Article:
Diary of Arapahoe High School gunman shows he had plan to exact revenge; called himself 'psychopath'

CENTENNIAL, Colo. - At a news briefing on Friday, authorities released their final report on the 2013 Arapahoe High School shooting investigation and stated that the gunman wrote about his planned rampage at the school in a personal diary on his computer.


According to investigators with the Arapahoe County Sheriff's Office, senior Karl Pierson, 18, walked into the school on Dec. 13 armed with a shotgun, a machete, homemade bombs and 125 rounds of ammunition.

Investigators said Pierson shot and killed 17-year-old classmate Claire Davis before taking his own life in the school library as security officers closed in on him.


However, in the report released Friday, authorities point out that there were concerns about Pierson's behavior months before the attack, including a week when he was kept home in 2013 as school officials conducted a threat assessment on him. Pierson was judged a low threat.

In addition, Pierson's mother took him to a behavioral health center for an additional evaluation and he was judged not to be a threat to himself or others.

But neither mental health professionals nor school officials knew his innermost thoughts, which he kept in a detailed diary on his computer.

The digital diary, recovered by investigators, showed that on Sept. 17, 2013, Pierson called himself a "psychopath with a superiority complex" and confessed that "I will do something I have wanted to for a while... Mass murder...and be in a place of power where I and I alone are judge, jury and executioner."

Investigators pointed out that the diary entries were clear signs that the teenager could have been a threat.

Five days later on Sept. 22, Pierson seems to articulate a motive in his diary when he wrote, "When I do commit my atrocities, I want the conversation to be about elementary school teasing. Words hurt, can mold a sociopath, and will lead someone a decade later to kill."

In October, Pierson seemed confident that no one would find out his plan when he wrote, "My mother took me for a psych evaluation. Let the records show I lied through my teeth through the test."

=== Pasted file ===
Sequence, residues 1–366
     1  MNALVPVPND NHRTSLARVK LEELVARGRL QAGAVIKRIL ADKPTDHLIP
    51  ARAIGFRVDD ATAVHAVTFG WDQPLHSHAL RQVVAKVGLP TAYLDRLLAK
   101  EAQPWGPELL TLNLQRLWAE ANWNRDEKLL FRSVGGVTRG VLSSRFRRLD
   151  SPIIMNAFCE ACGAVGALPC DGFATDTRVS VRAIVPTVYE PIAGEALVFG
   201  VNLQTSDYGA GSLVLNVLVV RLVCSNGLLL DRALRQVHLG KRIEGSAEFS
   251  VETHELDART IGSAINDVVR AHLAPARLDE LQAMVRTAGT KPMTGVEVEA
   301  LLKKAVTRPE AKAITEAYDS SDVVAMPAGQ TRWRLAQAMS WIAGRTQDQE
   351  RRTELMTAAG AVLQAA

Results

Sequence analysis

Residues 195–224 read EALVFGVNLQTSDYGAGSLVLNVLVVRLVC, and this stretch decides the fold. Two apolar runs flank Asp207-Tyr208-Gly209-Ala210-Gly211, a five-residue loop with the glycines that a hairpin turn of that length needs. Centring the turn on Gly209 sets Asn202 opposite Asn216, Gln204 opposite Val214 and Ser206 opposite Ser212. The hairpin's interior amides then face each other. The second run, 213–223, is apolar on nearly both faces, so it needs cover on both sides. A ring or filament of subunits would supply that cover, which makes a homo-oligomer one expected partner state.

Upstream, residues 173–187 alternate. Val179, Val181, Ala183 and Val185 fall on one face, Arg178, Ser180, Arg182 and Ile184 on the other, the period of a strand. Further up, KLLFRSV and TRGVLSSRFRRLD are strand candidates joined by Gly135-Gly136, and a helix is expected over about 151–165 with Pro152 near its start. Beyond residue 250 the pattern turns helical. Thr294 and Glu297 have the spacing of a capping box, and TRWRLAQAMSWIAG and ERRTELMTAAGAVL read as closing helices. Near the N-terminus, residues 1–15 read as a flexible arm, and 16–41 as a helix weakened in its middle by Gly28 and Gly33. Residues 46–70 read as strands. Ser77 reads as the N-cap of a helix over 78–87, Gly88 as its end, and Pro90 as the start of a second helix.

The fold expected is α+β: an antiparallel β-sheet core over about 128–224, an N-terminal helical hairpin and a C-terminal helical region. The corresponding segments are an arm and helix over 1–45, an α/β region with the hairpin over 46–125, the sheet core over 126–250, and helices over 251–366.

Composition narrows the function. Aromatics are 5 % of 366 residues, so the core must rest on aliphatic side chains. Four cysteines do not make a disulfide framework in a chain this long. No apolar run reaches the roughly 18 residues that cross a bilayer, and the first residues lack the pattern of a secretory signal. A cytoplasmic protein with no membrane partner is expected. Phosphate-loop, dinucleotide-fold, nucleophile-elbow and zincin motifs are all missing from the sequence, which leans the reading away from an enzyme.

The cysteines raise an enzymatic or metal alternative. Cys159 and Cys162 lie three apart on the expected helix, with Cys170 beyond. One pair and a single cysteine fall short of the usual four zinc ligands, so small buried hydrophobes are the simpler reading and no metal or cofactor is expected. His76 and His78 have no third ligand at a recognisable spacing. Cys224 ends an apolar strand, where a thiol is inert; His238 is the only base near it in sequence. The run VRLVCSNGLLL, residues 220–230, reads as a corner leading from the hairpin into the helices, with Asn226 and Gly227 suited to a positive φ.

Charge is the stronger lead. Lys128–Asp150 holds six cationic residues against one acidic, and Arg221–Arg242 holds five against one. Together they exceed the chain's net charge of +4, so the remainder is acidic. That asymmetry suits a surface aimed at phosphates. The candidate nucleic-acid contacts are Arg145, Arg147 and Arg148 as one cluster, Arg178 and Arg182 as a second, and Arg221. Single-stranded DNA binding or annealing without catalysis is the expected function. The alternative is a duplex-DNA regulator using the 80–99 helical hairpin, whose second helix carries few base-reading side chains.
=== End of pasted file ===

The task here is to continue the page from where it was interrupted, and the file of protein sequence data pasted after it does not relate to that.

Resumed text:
By Nov. 24, he wrote that he was fully committed to his plan.

"It's weird going through life knowing that in 19 days I am going to be dead," Pierson wrote. "That's the hardest part is not being able to tell anyone."

On Dec. 8, Pierson purchased his gun.

"I bought my Stevens 320.  It was not the initial gun I was expecting, but I think it will work better. I like the pistol grip," he wrote.

By Dec. 12, Pierson wrote that he had what he needed. "I bought a sling, ammo belts, and of course, ammo. It included 5 sabat slugs! I think I'll need more."

The diary also contains a detailed plan for his entry and attack at the school. Pierson wrote that he envisioned a 20-minute homicidal rampage, assaulting specific areas of the school, tossing Molotov cocktails and reloading.

He made it clear he wanted to do his killing late in the semester during finals week, when most students would be in class. 

School officials say there were follow-ups after the initial threat assessment, but the extent is unclear.

Safety experts say such additional reviews are critical in preventing violence.

"In the case of most school shooters, their deterioration of behavior has been an on-going process," said Kenneth Trump of National School Safety and Security Services. "A threat assessment has to be an on-going process. A one-time look at one threat is not adequate." 

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